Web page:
Family law cases are among the most difficult of all areas of the law because of how intimate the subject nature is. True, you may not be worth millions of dollars like a multinational corporation but your family case deals with subjects that are more important than money. Your marriage, your children, your personal behaviors and that of your spouse are all relevant in a family case. While an investment banker’s work habits may require some embarrassing information to be disclosed in a trial, nothing compares to having to discuss your marriage to a room of strangers in a divorce trial.
Sometimes the material that is relevant in a family law case is more than just intimate or embarrassing. On occasion there is subject matter that relates to family violence, the safety of your children and even mental health disorders that become a huge part of family law cases. In these situations, you need to be able to know what to expect to encounter when dealing with problems associated with matters that are best kept private but are nonetheless relevant to your current family law case. Whether you are concerned for the well-being of your kids, yourself or even your soon-to-be ex-spouse I want to share some tips on how to handle these sorts of circumstances in your own family case.
What to do when you are worried about the safety of your children
If you find yourself worried about the safety of your children there is no time to waste in attempting to do something to remove those concerns from your life and theirs. Imagine being in a position where you had suspicions or thoughts about a hazard in your child’s life but did nothing to remedy that hazard. The next thing you know, something bad happens to your child and you end up blaming yourself for having identified a problem but having done thing to stop that problem from impacting your child.
This happens all too regularly with family law cases, I am afraid to say. For some reason our instincts as parents are inhibited by all of the hoopla associated with a family law case. This is ironic because at the core of what you are doing, no matter if it is a divorce or child custody case, is a desire to improve the lives of your children. The best advice that I can give to you is that you can improve your child’s life by addressing any concerns regarding safety immediately after you learn about them.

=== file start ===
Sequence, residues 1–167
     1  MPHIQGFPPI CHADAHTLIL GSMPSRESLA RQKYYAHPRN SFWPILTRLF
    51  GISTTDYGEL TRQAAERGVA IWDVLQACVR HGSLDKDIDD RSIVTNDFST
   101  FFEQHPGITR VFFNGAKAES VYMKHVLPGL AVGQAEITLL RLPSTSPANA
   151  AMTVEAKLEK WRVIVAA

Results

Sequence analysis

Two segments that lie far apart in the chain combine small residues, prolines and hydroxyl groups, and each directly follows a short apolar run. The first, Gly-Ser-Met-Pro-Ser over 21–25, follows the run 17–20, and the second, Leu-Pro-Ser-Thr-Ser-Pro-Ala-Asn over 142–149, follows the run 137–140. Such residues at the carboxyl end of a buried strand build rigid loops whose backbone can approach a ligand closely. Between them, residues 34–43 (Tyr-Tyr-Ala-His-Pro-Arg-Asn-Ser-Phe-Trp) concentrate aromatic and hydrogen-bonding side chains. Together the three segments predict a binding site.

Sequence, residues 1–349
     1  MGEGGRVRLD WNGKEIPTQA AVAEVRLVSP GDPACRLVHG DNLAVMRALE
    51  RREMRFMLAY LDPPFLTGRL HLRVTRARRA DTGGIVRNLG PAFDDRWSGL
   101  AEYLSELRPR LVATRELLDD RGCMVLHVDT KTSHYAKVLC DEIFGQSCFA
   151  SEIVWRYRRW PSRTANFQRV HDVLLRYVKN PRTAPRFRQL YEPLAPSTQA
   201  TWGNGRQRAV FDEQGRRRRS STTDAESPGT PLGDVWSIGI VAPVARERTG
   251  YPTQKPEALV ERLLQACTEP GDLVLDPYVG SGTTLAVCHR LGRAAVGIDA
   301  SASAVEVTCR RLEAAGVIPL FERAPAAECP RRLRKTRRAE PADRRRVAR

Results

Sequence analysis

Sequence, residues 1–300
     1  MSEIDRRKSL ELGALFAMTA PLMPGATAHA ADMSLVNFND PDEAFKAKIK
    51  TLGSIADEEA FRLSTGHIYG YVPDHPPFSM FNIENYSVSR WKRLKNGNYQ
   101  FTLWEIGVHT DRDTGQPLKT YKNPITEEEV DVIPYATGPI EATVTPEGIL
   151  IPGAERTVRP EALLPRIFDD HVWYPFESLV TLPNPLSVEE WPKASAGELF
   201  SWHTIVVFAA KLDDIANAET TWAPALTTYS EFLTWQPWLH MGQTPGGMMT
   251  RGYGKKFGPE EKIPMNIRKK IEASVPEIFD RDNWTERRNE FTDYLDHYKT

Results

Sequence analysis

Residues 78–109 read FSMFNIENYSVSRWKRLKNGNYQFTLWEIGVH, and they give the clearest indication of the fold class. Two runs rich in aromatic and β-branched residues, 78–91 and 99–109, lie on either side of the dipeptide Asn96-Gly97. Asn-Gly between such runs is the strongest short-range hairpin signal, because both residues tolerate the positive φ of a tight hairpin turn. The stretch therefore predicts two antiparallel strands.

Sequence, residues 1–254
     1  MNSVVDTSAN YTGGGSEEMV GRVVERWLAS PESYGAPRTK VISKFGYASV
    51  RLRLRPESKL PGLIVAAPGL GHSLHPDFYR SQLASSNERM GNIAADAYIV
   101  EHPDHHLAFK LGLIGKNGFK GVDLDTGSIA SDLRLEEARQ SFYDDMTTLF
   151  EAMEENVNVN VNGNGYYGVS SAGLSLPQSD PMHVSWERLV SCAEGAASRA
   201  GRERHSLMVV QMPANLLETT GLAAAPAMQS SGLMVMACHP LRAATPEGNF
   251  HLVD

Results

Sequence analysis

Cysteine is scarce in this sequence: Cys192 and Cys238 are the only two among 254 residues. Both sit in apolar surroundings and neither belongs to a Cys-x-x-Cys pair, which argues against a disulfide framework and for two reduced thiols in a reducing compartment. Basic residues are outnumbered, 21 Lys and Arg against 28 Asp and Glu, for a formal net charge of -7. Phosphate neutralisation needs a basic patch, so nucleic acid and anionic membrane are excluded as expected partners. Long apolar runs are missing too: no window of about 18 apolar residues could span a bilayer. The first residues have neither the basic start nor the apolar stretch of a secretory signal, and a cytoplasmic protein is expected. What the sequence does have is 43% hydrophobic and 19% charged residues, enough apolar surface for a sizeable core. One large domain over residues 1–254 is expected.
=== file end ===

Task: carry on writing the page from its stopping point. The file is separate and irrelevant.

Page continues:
First and foremost, concerns about your child’s safety should be addressed by police and Child Protective Services (CPS). It is probable that the police will contact CPS anyways, but you should see to it that the police are aware of any concerns that you have for your child’s well being. If your child comes home from their mother’s house and tells you that her friend is acting inappropriately, your first step should be to talk to your child about any incidents that have occurred. Next, contact the police if that voice in your head tells you to. Better to be safe than sorry.
You need to know that if your spouse has a history with CPS, that will be an especially relevant bit of information that will need to be discussed with the judge. Family violence is a serious subject as judges want to, above all else, keep your children safe. Any words that you or your spouse use towards one another that could be construed as violent or threatening can and will likely be brought up again.
What does this mean to you on a practical level? Well, for starters, you need to get into the mindset that anything and everything that you say can be recorded and documented. This means those words can be taken out of context, potentially, and used against you and to the advantage of your spouse. Meaning: choose your words carefully. Especially choose how you text and email your spouse. Take a moment before responding to a particularly mean or nasty email to consider how your response can be utilized against you by your spouse.
Next, certainly never put your hands on your spouse for any reason. Even if you are justified in touching your spouse do not do it. Remove yourself from any situation that may rise to violence, animosity or anger. It is not worth it to you to be involved in any discussion that is heated. Use your attorney to convey difficult messages if you don’t believe that your spouse can be respectful of you and your opinions. Even if you are merely defending yourself, it can be a disaster to your case if you were to injure your spouse (especially if you are a man).
One thing that I have seen in recent years is people fighting over cell phones. Grabbing for a phone to see if someone has contacted your spouse or for any other reason can be dangerous. Mostly because those sort of actions can quickly escalate and lead to further use of violence or at the very least coarse language. Nothing contained in that phone is worth potentially losing time with your kids over- or even going to jail for. Be aware of your surroundings and do what you can to de-escalate any situation that you believe could lead to heated tempers.
Is protective order relevant to your situation?
A lot of clients ask about protective orders at the beginning of a child custody or divorce case. The thought being that one could potentially serve the purpose of de-escalating potentially dangerous situations. A protective order can serve a purpose when family violence has occurred in the home recently and that the violence is likely to continue but for the obtaining of a protective order.